• Yanfang Su

    The research in the group of Su encompasses three main areas, including a) Isolation and identification of bioactive natural compounds from medicinal plants, b) Quality control of traditional chinese medicines, 3) Research & development of new medicines of natural origin

  • Selvaraj Subramaniyam -- Postdoctorals

    Fractionation and Screening of Tinospora cordifolia plant extracts and Bioassay for Anti-diabetic activity in the rodent animal model


  • Jian Sun

    The research in the group of Sun involves investigation of B cell development and B cell related diseases. In recent years, immunotherapies with antibodies to depleting B cells are widely used in autoimmune diseases and B cell lymphoma. The strategy in this group is to design cytokine antagonist peptides using computer-aided design, fuse the peptides with human IgG Fc to form peptibodies by gene engineering, and analyze their activity in vitro and in vivo. Several peptibodies inhibiting B lymphocyte stimulator (BLyS), a critical factor for B cell maturation and survival, are currently tested in cell culture and SLE animal models in this lab. Because overexpression of BLyS is involved in pathogenesis and development of autoimmune diseases and B cell malignances, the BLyS antagonists designed and analyzed may be potential therapeutic reagents for these diseases.

  • Austin Surendranath -- Postdoctorals

    Studies on inhibition of Human serum Paraoxonase: Effect of physiological and environmental toxic molecules. 


  • Songqing Wang

    The research in the group of Wang involves research and development related to drug advancements and medicinal chemistry, including cardiovascular drugs, anti asthmatic drugs, anti-tumor drugs, anti-virus drugs, anti inflammatory and anti-bacteria drugs, anti-diabetes drugs, benzodiazepine-type hypnotic drugs, non-patented drug development and industrialization.  Synthesis of natural products and their structural modification is carried out in this group.

  • Donghua Wang

    The research in the group of Wang involves the design, synthesis, and biological activity evaluation of new compounds, with focus on industrialization of generic drugs, intermediates, and fine chemicals.  Specific areas include 1) Design and synthesis of the Rho kinase inhibitor, 2) Design and synthesis of the PDE4 inhibitor, and 3) Design and synthesis of antihistamine drugs

  • Kenneth Woycechowsky

    The research in the Woycechowsky group focuses on the supramolecular chemistry of proteins. In particular, we are interested in proteins that assemble into symmetrical, closed-shell, polyhedral capsid structures. Protein capsids can act as molecular containers and delivery vehicles for a variety of molecular cargoes, and therefore are useful for bionanotechnological applications, such as drug delivery, catalysis, and materials synthesis. Protein engineering strategies are used to explore and exploit the supramolecular chemistry of protein capsids. This approach is inherently interdisciplinary, utilizing methods from biochemistry, biophysics, molecular biology, organic chemistry, and cell biology. Research projects in our lab fall into three main areas, including 1) capsid self-assembly, 2) molecular encapsulation, and 3) drug delivery.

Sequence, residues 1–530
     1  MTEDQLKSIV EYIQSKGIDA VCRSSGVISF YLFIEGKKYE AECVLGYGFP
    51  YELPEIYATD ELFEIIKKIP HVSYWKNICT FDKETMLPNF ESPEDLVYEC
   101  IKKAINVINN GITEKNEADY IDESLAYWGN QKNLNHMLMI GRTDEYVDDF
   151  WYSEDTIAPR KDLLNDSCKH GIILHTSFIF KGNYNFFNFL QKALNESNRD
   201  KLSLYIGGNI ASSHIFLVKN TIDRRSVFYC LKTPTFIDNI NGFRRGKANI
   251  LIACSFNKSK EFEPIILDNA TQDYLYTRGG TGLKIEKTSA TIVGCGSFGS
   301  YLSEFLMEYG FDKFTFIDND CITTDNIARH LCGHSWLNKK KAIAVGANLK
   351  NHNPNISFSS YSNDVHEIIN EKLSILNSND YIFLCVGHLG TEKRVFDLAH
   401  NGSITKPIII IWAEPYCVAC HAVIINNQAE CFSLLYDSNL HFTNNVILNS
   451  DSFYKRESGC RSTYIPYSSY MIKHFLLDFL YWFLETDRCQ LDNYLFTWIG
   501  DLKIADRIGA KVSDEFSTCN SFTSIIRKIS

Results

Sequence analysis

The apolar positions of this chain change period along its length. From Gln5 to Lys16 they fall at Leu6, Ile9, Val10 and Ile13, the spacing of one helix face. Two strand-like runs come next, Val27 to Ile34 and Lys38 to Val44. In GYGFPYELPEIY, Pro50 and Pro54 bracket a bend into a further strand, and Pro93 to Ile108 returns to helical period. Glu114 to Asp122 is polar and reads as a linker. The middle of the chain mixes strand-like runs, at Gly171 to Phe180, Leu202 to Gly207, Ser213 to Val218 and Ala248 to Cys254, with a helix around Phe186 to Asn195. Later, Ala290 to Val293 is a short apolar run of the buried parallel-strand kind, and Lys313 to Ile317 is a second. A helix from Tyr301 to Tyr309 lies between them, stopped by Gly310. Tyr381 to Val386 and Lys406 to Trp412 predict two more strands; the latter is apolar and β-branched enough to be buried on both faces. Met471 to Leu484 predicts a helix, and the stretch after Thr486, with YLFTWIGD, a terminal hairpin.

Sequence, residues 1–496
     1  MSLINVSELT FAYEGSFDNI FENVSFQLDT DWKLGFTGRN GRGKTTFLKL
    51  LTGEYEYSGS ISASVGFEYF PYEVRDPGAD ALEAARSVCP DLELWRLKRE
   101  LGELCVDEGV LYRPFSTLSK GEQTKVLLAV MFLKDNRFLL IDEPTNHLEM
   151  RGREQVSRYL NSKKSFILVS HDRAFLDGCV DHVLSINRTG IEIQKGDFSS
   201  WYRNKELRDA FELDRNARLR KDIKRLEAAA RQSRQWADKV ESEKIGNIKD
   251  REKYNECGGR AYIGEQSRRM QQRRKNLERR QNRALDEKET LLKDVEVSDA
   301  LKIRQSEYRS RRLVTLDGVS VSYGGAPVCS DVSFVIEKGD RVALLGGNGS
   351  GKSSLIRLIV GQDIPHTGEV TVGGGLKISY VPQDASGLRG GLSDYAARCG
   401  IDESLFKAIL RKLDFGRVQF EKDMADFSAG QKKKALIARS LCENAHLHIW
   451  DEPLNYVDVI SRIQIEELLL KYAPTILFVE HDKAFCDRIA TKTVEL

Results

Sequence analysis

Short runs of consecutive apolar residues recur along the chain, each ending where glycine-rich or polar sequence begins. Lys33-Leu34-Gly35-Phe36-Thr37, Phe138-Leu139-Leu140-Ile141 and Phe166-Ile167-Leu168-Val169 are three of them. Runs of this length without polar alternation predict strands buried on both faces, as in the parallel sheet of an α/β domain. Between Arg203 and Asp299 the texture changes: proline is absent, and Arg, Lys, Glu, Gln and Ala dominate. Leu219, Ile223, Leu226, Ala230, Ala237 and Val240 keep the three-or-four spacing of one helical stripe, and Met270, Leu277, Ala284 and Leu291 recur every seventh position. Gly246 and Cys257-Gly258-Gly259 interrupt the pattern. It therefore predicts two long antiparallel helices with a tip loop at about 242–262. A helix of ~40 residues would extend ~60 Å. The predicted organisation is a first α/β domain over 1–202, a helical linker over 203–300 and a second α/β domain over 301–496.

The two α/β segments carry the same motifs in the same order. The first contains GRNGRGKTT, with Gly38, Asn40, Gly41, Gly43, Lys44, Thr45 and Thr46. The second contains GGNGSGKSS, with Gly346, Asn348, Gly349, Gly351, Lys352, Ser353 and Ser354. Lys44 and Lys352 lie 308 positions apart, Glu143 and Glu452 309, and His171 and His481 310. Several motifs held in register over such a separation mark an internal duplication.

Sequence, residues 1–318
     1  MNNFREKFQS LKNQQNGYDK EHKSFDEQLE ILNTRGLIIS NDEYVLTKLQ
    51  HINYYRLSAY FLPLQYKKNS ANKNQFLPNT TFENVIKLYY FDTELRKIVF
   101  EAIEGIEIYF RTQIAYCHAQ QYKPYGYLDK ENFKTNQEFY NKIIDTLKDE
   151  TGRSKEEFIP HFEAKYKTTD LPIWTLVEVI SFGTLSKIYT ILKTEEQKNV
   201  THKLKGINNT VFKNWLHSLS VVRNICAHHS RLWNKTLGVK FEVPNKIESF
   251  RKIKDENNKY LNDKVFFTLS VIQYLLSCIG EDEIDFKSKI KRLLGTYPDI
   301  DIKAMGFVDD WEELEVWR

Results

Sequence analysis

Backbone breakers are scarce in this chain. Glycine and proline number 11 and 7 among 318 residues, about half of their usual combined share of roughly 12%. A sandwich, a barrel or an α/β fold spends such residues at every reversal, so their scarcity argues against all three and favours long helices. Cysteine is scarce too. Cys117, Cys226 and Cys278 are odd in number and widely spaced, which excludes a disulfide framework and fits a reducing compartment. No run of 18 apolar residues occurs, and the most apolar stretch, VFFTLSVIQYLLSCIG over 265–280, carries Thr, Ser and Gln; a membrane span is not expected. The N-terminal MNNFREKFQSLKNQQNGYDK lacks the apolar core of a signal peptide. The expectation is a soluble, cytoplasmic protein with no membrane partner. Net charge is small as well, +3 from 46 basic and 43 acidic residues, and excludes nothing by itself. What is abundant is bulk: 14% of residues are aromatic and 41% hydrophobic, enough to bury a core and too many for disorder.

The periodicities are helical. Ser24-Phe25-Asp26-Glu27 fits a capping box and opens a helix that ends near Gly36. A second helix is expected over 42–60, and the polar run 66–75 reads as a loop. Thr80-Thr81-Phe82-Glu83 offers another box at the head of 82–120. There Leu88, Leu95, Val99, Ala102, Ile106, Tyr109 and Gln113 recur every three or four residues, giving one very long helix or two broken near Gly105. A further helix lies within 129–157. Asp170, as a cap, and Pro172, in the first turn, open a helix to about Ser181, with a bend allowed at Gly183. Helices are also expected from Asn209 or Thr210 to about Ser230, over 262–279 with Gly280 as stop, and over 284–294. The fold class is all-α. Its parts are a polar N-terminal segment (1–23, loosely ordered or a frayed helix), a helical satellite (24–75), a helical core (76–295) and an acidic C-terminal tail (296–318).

• Zhang Yan

    The Zhang group uses yeast genetics and a variety of biochemical and biophysical tools to investigate the intracellular trafficking of transition metals, the biosynthesis of metallo-cofactors, and the catalytic mechanisms of metallo-enzymes.

    The Zhang group is also interested in using gentically and enzymatically engeered microbes to produce valuable small molecules.

  • Hanchi Yan

    Include 1 or 2 small representative pictures of good quality

    Research in the Yan lab focuses on structure biology of protein or protein complex with significant biology function, particularly on structure and function of those important membrane proteins, such as photosynthetic membrane proteins, intramembrane proteases, membrane transporters, ion channels and cancer-related viral membrane proteins, etc.

    The Cartoon below shows substrate transport across membrane by transporter protein.

  • Yong Zhang

    The research in the group of Zhang is encompassed in the areas of chiral separation and proteomics analysis.

  • Kun Zhang

    Expression and regulation of important enzymes in some metabolic pathways in microorganisms.

  • Jianyong Zhang

    The research in the group of ZHANG focuses on two areas: 1) Mechanisms of transcriptional regulation involved in canceroxidative stress response and a variety of health disorders by means of molecular biology method, 2) Mechanism study on interaction of host factors with retroelements and HIV-1 such as helicases, interferon-stimulate genes and RNA binding proteins etc.

  • Youcai Zhang

    The research in Zhang’s group focuses on the function of transporters and nuclear receptors in pharmacology and toxicology. The major projects include: 1) preclinical development of novel transporter/receptor-targeted drugs for metabolic diseases; 2) investigation of the role of intestinal microbiota in lipid metabolism; and 3) establishment of novel preclinical models to improve the prediction of drug-induced liver injury.